2024-05-25 12:35 AM

Memorial Day 2024 Issue!

Fairfax Co. Schools Change Dress Code, While F.C. Schools Stand Pat

Last week, Fairfax County Public Schools adopted a proposal to remove certain phrases from its current dress code that were perceived as shaming female students. Meanwhile, neighboring Falls Church City Public Schools will continue to uphold its current policy of allowing individual City schools to outline its own personal dress codes via student handbooks, according to Falls Church City Public Schools director of communications John Brett.

Fairfax’s modified curriculum was passed by a 10-0-1 vote (with one board member in absentia) into policy after the FCPS school board heard a proposal from a special panel of teachers and administrators that the board appointed. During the meeting, the board chose to strike phrases pertaining to banned outfits such as those with “low cut necklines that show cleavage” and attire that was “otherwise sexually provocative,” according to WTOP. Although clothing that “exposed an excessive amount of bare skin” is still prohibited by FCPS.

Per WTOP, at-large board member Ryan McElveen acknowledged that female students had been uncomfortable with how the previous policy was upheld for more than a decade. Springfield district representative Elizabeth Schultz felt the policy was still too vague. But board agreed that the policy’s implementation – specifically how teachers and administrators approach the subject of inappropriate attire with students – was imperative in order to avoid denigrating them.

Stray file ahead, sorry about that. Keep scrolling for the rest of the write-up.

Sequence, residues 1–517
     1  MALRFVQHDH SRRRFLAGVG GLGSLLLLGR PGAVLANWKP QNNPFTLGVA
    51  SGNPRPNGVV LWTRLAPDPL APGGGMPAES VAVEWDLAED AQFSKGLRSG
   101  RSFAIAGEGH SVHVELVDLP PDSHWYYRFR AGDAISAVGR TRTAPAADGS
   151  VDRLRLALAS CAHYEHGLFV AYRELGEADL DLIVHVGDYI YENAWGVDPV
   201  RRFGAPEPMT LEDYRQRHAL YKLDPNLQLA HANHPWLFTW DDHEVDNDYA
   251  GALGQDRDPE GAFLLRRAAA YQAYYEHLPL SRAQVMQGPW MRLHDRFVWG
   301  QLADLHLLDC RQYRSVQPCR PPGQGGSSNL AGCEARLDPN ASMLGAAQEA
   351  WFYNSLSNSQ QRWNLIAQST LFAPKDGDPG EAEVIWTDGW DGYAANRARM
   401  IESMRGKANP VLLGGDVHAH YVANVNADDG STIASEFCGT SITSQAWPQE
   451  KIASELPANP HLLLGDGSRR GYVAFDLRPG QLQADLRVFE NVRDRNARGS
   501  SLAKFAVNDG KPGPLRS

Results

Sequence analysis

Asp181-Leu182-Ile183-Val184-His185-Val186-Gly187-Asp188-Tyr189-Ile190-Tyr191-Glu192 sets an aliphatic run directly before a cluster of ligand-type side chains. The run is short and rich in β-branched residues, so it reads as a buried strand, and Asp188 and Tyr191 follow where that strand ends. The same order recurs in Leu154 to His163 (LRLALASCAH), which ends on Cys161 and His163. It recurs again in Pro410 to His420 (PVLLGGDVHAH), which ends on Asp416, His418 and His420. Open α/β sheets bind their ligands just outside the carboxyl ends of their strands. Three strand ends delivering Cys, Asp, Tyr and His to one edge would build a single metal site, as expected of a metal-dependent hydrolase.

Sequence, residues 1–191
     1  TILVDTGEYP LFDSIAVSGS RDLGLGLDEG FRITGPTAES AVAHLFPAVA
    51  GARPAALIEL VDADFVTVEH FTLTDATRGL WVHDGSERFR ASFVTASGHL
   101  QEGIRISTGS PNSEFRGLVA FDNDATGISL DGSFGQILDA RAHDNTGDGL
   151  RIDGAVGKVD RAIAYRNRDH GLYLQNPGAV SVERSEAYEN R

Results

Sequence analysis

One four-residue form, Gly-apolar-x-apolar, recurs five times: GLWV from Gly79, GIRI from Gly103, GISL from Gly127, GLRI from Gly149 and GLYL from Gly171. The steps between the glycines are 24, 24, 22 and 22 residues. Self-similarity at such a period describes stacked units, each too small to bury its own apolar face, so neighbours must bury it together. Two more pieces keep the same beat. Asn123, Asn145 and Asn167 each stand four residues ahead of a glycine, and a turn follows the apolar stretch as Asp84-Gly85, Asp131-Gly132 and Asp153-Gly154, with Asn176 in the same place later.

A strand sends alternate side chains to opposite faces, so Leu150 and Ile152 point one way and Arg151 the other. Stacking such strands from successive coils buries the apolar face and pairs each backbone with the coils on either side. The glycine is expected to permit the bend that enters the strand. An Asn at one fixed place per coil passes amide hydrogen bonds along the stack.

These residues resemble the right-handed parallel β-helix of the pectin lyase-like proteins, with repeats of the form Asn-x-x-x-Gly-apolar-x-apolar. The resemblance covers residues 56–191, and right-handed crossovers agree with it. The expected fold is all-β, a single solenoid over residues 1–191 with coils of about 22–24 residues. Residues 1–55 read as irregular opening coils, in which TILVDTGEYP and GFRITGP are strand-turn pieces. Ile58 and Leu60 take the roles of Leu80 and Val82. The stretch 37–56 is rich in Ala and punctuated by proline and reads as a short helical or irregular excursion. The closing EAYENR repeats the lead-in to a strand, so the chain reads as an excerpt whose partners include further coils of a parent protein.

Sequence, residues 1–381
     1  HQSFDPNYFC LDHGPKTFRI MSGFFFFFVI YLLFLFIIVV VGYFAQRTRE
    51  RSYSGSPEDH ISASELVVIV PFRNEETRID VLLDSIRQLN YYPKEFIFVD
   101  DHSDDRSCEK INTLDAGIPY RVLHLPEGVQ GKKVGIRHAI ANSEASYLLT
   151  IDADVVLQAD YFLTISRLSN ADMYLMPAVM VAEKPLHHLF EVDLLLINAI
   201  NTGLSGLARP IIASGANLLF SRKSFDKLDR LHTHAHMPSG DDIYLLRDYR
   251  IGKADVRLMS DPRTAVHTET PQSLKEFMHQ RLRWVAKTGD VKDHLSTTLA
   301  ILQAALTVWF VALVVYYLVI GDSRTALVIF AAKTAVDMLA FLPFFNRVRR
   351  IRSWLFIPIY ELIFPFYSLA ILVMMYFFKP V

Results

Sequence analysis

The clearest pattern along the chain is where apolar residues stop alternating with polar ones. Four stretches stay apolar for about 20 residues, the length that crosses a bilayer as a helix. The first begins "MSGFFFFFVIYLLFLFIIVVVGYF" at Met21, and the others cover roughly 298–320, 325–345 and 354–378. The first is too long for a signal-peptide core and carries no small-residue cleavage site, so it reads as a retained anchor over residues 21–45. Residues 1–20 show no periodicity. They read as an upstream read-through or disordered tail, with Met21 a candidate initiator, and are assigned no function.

Brett told the News-Press that a dress code  “…is a school-based decision and I’m not hearing of anything changing from current practice in the coming year,” in FCCPS schools. Currently, only George Mason High School and Mary Ellen Henderson Middle School contain brief mentions of dress codes in their student handbooks, with varying language and directives.

At Mason, students clothing choices should be “based on the belief that school is a place of business where students are learning both academic and social skills, the expectation is that students will dress in a way that is appropriate to a business environment.”

With that principle in mind, clothing that is “deemed overly revealing, unsafe, dangerous, or a health hazard,” as well as clothing that “exhibits offensive or obscene symbols, signs, slogans, or words degrading to any gender, culture, religion, or ethnic group or which promotes violence, drugs, alcohol, tobacco products, or illegal substances or actions” is not permitted to be worn by students. Along with those guidelines, any bandannas, spikes and chains and attire that is gang-related is also not permitted. School authorities reserve the right to ask students to remove the clothing, change into spare clothing provided in the school office or send the student home to change their clothing.

Henderson’s student conduct policy guidelines strikes a different tone in the first sentence of its dress code section by stating that “establishing standards for dress has the potential to be controversial.”

The short section acknowledges how other school boards address the topic, either by prohibiting clothing that disrupts the educational atmosphere or whether the clothing raises health and safety concerns. But the section ends by mentioning that some dress codes view attire as “a component of personal symbolic expression that also addresses hairstyles and buttons and badges.” No specific forms or styles of clothing were labeled as prohibited in Henderson’s student conduct policy guidelines.





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